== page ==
A scene from a sci-fi movie plays out—the hero dons their invisibility cloak just in time to escape the clutches of a fast-approaching villain. Believe it or not, materials with the invisibility cloak’s optical properties aren’t just the stuff of movies.
Metamaterials are specially engineered structures that defy the natural laws of physics, giving them unique optical properties such as “invisibility”. Their surfaces are made of nanostructures smaller than the wavelength of light, which allow them to bounce inbound light waves off much like a mirror’s reflection.
Metamaterials are being used in some real-world applications in the aerospace and defence industries, although experts say manufacturing challenges limit their potential in other spheres. “A wider range of applications can be realised if more design dimensions are provided from material and fabrication perspectives to allow dynamic control of light,” explained Hong Liu, Head of Nanofabrication Department at the Institute of Materials Research and Engineering (IMRE).
Liu co-led a collaborative effort with researchers from Nanyang Technological University to overcome these hurdles by creating a next-generation class of high-efficiency, tunable metasurfaces. The researchers combined metamaterials principles with a group of materials known as optical phase-change materials (PCM) that possess large changes in optical properties to create the hybrid silicon metasurface.
“We incorporated PCMs such as germanium-antimony-tellurium (GST), which can rapidly switch its state from amorphous to crystalline when heated , offering a precise approach to control its light emission,” added Liu. “Through the hybrid design of nanopatterning the PCMs on top of the silicon metasurfaces, we created a single device that is tunable and multi-functional.”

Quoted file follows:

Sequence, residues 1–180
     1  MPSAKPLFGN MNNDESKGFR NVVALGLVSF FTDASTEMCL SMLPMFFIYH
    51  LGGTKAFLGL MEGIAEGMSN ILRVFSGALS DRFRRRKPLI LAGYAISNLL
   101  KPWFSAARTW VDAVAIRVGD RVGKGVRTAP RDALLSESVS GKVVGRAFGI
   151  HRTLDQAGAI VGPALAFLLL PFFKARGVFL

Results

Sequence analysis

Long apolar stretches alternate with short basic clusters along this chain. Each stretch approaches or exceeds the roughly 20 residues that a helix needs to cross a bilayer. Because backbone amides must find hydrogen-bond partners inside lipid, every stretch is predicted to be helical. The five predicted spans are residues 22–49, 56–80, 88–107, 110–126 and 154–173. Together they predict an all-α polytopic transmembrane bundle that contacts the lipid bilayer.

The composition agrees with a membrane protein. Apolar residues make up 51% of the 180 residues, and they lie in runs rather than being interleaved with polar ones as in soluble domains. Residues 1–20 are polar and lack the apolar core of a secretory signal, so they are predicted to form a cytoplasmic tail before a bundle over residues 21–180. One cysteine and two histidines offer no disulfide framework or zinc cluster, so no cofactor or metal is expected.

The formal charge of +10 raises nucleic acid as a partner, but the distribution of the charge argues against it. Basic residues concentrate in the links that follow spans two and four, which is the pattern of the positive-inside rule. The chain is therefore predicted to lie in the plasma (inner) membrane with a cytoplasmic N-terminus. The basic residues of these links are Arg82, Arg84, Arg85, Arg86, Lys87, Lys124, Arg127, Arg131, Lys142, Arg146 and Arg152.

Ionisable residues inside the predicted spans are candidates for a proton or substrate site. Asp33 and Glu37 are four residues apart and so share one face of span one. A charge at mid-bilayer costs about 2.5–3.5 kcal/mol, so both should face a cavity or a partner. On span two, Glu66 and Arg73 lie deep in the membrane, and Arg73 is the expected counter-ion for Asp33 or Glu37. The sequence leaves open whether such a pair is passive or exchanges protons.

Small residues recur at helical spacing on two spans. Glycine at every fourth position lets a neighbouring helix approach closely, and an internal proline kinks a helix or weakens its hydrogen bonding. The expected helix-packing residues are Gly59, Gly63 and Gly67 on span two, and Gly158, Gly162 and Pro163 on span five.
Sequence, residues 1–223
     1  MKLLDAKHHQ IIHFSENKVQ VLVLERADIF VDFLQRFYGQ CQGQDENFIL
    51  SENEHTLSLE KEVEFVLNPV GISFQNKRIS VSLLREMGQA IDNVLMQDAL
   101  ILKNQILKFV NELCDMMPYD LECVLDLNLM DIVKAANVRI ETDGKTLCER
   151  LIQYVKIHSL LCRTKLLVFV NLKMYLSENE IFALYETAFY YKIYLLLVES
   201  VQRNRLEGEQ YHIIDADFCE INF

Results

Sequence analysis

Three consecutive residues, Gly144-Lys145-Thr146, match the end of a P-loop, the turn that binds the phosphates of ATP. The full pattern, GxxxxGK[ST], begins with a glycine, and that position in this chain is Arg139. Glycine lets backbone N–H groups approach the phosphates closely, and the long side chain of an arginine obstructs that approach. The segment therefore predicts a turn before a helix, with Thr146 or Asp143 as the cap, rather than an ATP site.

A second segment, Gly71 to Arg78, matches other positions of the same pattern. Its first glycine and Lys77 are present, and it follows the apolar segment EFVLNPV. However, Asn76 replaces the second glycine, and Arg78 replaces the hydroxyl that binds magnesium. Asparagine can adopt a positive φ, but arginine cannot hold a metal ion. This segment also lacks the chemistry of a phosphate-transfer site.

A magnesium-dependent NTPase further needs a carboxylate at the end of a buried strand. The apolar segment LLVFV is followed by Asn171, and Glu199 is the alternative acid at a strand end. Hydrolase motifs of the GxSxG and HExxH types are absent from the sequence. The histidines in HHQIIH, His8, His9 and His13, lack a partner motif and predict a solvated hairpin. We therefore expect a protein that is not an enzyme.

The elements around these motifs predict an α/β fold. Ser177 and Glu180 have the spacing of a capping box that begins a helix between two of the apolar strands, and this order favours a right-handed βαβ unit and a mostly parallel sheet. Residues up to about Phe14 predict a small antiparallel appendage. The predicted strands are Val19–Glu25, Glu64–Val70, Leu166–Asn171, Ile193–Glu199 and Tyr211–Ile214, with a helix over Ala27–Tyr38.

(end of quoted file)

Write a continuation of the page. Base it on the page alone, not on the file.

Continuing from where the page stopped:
Liu added that silicon was specially selected as it offers strong light-matter interaction, which enables highly efficient third-harmonic generation, an optical phenomenon where light hitting the metasurface can be manipulated.
The researchers further refined their innovation by optimising the thickness of the GST layer, a key step in mitigating the material’s optical losses. Their optimal device design was found to be 32 times more efficient than reported metasurfaces, paving the way for a multitude of advanced applications in quantum photonics, spectrometry and lasers.
Liu’s team has plans to continue developing their hybrid metasurface by focusing on a reversible tuning strategy, a novel technique that could enable powerful nanophotonic devices with unprecedented light emission and control. “We are also seeking funding support to develop these hybrid metasurfaces for ultraviolet light applications, as the current state of the technology hinders its practical usage,” Liu said.
The A*STAR-affiliated researchers contributing to this research are from the Institute of Materials Research and Engineering (IMRE).